There is more information more readily available on the Great Divide Mountain Bike Route and how best to approach the race along it, the Tour Divide, than ever before. But something that Jay Petervary told me early on in my education as a bikepacker was to figure it out for myself. You can’t be prescriptive about gear. It’s far too personal for that.
As an example, I generally run a bit warm, not needing thick layers to stay comfortable on cold days. I sleep warm too and use a 30-degree quilt down to 20 degrees without much fuss. I also pedal knees in, toes out. This means that the width of the bags on my bike’s main triangle is important. Too wide and I’ll rub my leg raw. Too narrow the bag’s carrying capacity is drastically reduced.
Because of this struggle, I sought out Greg Wheelwrright of Bolder Bikepacking Bags. He’s been in the bikepacking bag business longer than most (but not quite all he’ll readily admit) and lives in the same town as me. That I hadn’t bumped into him earlier amazes me. Anyway, I knew that for this go at Tour Divide I wanted an oversized top tube bag for carrying food and other frequently used items. I only plan on using a small, partial frame bag and I’m leaving my front pouch behind as well. All of this is to say that I needed extra carrying capacity and I wanted it to be on-the-fly convenient.
I first tried Joe Tonsager’s excellent (and huge) JPaks Farva bag, but it was too wide for me. I’m still happy to have it because it works great for me on mountain bikes, with their longer top tubes and shorter stems (moving the bag farther forward and away from my knees). But after a few long rides, I faced the music. It wasn’t going to work for me on my Mosaic.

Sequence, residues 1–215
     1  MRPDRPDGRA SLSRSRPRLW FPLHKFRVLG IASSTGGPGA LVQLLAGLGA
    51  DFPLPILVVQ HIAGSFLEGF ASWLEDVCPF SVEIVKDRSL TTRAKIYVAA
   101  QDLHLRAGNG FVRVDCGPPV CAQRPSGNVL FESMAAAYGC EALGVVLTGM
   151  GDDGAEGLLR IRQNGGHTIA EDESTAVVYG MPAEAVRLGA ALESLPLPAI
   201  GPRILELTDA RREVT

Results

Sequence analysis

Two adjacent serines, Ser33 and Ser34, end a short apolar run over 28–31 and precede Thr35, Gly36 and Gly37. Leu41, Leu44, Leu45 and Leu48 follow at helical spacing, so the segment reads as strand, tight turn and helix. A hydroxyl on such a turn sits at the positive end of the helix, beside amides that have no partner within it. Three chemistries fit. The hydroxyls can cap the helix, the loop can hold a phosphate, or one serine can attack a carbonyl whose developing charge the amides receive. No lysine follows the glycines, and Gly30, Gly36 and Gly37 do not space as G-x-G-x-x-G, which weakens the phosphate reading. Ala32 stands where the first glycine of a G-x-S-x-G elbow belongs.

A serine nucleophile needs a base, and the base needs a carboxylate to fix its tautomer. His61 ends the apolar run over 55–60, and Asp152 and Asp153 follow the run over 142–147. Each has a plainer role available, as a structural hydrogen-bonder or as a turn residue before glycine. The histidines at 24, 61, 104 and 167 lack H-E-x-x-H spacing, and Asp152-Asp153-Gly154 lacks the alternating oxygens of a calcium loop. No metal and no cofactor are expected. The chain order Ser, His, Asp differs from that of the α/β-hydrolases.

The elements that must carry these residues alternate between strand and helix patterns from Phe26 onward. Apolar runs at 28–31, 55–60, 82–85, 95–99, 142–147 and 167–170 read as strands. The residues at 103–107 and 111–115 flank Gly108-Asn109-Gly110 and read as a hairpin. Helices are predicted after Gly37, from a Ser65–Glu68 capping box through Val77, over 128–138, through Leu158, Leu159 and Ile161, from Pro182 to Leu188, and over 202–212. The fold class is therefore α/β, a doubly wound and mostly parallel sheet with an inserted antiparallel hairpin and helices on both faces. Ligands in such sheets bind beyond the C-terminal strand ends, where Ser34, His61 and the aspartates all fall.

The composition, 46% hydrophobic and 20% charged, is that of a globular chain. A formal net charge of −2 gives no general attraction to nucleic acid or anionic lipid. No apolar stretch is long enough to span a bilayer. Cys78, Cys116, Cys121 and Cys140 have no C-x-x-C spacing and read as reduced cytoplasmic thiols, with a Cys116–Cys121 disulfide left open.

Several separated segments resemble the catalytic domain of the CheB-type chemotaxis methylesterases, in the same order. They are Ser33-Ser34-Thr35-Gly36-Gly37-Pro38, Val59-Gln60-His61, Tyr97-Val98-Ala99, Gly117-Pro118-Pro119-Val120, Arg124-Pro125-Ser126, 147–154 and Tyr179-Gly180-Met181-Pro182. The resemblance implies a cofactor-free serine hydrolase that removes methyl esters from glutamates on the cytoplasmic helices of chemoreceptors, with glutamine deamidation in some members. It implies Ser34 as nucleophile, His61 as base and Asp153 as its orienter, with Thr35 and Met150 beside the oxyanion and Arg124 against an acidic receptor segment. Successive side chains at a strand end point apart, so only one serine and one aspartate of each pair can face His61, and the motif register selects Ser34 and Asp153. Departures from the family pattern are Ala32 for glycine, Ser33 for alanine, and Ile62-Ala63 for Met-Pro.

Aside from width though, I really like the dimensions of the Farva. So I took it and my “Orange Crush” Mosaic along with me when I went to meet with Greg to discuss a custom bag. Over the course of the next three hours, Greg and I discussed options, made a template, and got to know one another. He’s a wealth of information and some of the stories he shared were amazing. Part of the process even involved sitting on the bike and measuring the width of my knees. We wanted to be sure that this bag was work. Measure twice, cut once.
A few weeks later, Greg emailed me that the bag was ready. I returned and it was better than I could have imagined. A black exterior is lined with a bright orange interior to make finding things easier, and to compliment the bike. We included a divider to keep things organized and as a way to cinch the bag narrower if need be. A couple of elastic loops hold my emergency singlespeed cog and my cache battery. A small port allows charging wires to enter the bag. To keep the taller than usual bag stable, Greg made two straps that go around the steerer tube. Three other straps hold the bag on the top tube and are spaced to fit between the straps of my frame bag. The finish is fantastic and best of all my knees don’t rub!
Originally intended to carry a foot-long sub and additional snacks, the bag is a success. I couldn’t have been happier with the process. I have what I feel is a perfect bag for my run along the Divide. It’ll keep things handy and stable. Best of all, I got to meet and collaborate with Greg Wheelwrright. The bikepacking is an adventurous, passionate lot. I’m happy to be a part of it.